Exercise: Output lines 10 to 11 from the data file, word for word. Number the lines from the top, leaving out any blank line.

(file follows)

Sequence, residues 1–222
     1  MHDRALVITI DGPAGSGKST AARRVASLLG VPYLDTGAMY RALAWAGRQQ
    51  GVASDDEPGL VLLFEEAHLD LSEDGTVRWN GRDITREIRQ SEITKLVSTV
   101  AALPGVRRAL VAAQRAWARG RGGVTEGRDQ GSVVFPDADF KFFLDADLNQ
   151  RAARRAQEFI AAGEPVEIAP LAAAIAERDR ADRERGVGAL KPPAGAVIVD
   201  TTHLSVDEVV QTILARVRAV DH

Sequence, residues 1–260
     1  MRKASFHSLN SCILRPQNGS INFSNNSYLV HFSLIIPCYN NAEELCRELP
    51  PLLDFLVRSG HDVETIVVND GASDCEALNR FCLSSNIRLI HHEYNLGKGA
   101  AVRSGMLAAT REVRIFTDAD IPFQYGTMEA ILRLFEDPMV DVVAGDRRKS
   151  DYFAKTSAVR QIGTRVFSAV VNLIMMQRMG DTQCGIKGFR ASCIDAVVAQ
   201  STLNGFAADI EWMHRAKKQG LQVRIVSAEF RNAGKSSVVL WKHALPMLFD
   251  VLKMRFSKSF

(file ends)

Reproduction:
   101  AVRSGMLAAT REVRIFTDAD IPFQYGTMEA ILRLFEDPMV DVVAGDRRKS
   151  DYFAKTSAVR QIGTRVFSAV VNLIMMQRMG DTQCGIKGFR ASCIDAVVAQ